Anybody who follows horses knows what a heart breaking experience they can provide. August 13th, 1919, is the day that the incomparable Man O’War lost to a horse named “Upset.” Man O’War must have been some horse. He was facing the wrong way when they started (they did not use starting gates in those days) and was giving up a ton of weight, and only lost by a neck. The following year he won a match race against a good horse by 100 lengths! His long-time groom, Will Harbut, said he was “the mostest hoss that ever was”.

That might be so, but I saw Secretariat make his move going through the last turn in the Belmont, and leave the entire field behind. I saw Snowbound break down during the last round in 1968 in Mexico City, and jump the rest of the course on 3 legs and his heart, thus winning a Gold medal for Bill Steinkraus. Aherlich and Reiner Klimke did a test at the Los Angeles Olympics in 1984 that will always be my personal bench mark for dressage. Prince Panache and Karen O’Connor anchored the US event team in Sydney with the greatest display of moral and physical courage I have ever seen, on a day when anything less would have meant failure.

That may be why some of us keep coming back to these things. Every now and then a horse and rider will redefine excellence, and we treasure the memory and measure all that we see in the future by what we now know to be possible. That may be the answer to why we keep coming, the knowledge that something historic may happen, and we will be able to tell our fellow horse lovers that we were there the day that…

I have already mentioned how you run into people at the Olympics that you don’t see very often. I ran into Daddy Stibbe this morning. He is Eddy Stibbe’s father, and we are old friends. He is 82 now, mentally acute, but quite stooped, and he walks with a cane. There he was early this morning, slowly making his way towards the exercise arenas. As horses came by he would pause and  gaze at them with a soft, knowing, loving eye, still entranced by their power and beauty after a life time of watching them. I stood with him in a companionable silence for a moment, and then we just smiled at each other and went our appointed ways.  

So I think I had better go my appointed way, and leave the rest of the story to unfold. The official course walk is tomorrow morning, and the vet exam in the afternoon. They are working on the Dressage arena now, watering, dragging and rolling it, and preparing the stands for the first day of competition. All the years of preparation, all the heart breaks and triumphs, all the work and struggle are in the past now. All that remains is 4 days of competition in the heat of an Olympic summer here in Athens.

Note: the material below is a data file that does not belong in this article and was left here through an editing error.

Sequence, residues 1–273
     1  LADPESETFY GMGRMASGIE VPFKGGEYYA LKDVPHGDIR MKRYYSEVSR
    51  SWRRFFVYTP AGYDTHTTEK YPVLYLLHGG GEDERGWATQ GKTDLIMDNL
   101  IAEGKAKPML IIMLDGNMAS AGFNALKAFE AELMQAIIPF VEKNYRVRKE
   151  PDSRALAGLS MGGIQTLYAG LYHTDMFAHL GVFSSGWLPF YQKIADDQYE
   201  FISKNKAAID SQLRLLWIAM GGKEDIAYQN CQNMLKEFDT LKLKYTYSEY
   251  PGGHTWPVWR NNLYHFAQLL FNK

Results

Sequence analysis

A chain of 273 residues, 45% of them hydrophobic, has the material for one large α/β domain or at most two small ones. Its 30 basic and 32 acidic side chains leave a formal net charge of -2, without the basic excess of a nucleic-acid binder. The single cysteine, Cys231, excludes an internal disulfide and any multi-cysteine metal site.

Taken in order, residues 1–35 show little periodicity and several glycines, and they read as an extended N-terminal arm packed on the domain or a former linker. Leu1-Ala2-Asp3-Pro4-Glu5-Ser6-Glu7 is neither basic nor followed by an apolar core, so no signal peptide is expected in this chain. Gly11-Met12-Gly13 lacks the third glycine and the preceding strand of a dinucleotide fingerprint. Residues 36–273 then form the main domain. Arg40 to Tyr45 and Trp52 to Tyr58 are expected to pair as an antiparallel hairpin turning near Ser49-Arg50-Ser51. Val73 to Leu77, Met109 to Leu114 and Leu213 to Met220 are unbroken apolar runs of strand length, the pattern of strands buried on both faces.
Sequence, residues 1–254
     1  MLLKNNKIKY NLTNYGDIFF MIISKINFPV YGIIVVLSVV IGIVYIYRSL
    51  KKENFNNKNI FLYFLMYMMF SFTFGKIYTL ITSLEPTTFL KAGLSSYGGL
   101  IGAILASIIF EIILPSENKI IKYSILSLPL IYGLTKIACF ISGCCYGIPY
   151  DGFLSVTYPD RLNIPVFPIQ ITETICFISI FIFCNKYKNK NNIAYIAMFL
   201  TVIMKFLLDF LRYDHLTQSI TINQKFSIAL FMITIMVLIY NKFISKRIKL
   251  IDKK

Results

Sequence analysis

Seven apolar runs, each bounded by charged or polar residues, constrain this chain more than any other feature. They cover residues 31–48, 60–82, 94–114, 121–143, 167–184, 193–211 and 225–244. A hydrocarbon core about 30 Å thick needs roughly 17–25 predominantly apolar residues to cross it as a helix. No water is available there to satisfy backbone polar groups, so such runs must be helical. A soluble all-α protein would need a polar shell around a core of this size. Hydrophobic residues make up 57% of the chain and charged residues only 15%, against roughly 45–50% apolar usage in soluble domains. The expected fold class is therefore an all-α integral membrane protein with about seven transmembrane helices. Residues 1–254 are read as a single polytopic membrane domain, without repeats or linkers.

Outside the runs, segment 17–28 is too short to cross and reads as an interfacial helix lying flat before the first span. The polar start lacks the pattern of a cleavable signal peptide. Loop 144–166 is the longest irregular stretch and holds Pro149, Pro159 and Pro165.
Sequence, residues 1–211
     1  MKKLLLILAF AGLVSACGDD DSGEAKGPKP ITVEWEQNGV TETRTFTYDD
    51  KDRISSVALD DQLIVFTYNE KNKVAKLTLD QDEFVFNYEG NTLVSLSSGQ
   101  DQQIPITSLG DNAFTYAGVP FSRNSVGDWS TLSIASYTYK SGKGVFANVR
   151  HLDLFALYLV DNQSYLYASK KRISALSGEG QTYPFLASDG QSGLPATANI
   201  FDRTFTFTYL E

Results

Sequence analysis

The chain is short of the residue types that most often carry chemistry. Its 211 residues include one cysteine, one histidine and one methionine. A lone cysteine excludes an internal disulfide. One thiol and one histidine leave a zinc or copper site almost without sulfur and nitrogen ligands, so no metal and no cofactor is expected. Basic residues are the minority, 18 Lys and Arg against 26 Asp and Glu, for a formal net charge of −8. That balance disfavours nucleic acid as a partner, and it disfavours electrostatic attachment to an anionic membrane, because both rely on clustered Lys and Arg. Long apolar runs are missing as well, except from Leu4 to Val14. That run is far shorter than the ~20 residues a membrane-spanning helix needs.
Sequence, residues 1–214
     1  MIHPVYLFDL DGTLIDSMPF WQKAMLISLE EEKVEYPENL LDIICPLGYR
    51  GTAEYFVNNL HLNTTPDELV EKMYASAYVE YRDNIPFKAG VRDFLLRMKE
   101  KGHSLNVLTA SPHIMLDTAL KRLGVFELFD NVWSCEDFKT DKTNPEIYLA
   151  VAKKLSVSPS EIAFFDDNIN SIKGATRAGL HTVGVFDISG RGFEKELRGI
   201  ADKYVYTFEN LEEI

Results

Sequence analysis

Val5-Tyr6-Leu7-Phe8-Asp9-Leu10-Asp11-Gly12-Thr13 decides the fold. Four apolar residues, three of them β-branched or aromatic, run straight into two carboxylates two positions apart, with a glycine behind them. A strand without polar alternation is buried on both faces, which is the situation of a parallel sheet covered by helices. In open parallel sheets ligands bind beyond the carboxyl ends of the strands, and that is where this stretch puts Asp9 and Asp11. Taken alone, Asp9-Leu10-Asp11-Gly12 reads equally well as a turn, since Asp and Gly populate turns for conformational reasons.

In his book SUPREME COMMAND, Eliot Cohen said “If you want to study the finest steel, best to search for the hottest furnace.”

They are about to turn the heat up here, so sit back, click on the TV and while you are at it, you might set the air conditioning a little cooler. We are about to study the finest steel that the horse world has to offer, in the ultimate crucible of sport…the Olympics.




August 14th, 2004

Greetings from Athens. Let the Games begin! The riders got their ride times today, the Chef d’Equipes have determined their order of go within the teams, and everyone has at long last seen the course. I noticed that most of the riders’ small talk has subsided now, as the true import of their task has started to sink in. Have you ever seen the dog that caught the car? “Now that I’ve got it, what am I going to do with it?” Like that.

Everyone that presented their horse to the Ground Jury at the vet exam got through today. That doesn’t mean that there were no horses that weren’t a little rough around the edges. But there were none that were “Chicken-pickin’-corn-lame”, and I thought the Ground Jury got it about right. Most of the teams look well and very fit.

Ian Stark, the long-time captain of the British team, is now coaching the Brazilians. I have to remember to ask him what he is feeding those horses. Their team uniform is white slacks with a neon lime-green blazer. The entire team is tall, skinny, good looking, and young. Ian has these horses wound up like a cheap watch, so at one point in the proceedings, 3 out of 5 of his horses were misbehaving. One was standing on his hind legs and boxing like a kangaroo, one was letting fly with both back feet, and one was towing his jockey across the warm-up area. For a moment, I had a mental picture of lime pop-sickles being flung around the arena. Ian stepped in and squared things away, but not before the cognoscenti had a good laugh.

But that is all secondary to the main concern…the cross country course. The track of the course basically starts out up a hill for about a mile and a quarter, turns 180 degrees, and comes back down the same hill following a similar track on the way back down. Right away this tells you several things; the jumps are going to look small on the way up, because the designer can’t build a maximum fence; the track of the course is going to put a premium on fitness because the uphill part is so relentless; and finally, the same sort of jumps are going to be bigger and harder on the way back down, because the horses are starting to get tired. The jumps are beautifully designed and built, and should provide both a great spectacle for TV, and get the right result.

If I could only use two words to describe what the successful rider is going to display here those words would be “feel” and “concentration.” Unlike past Olympics, there is nothing here that these horses and riders have not seen before. Years ago it was not unheard of to turn a corner, look at the next obstacle, and say to your self “What the heck is that thing? I’ve never seen anything like it before. How am I going to ride that?”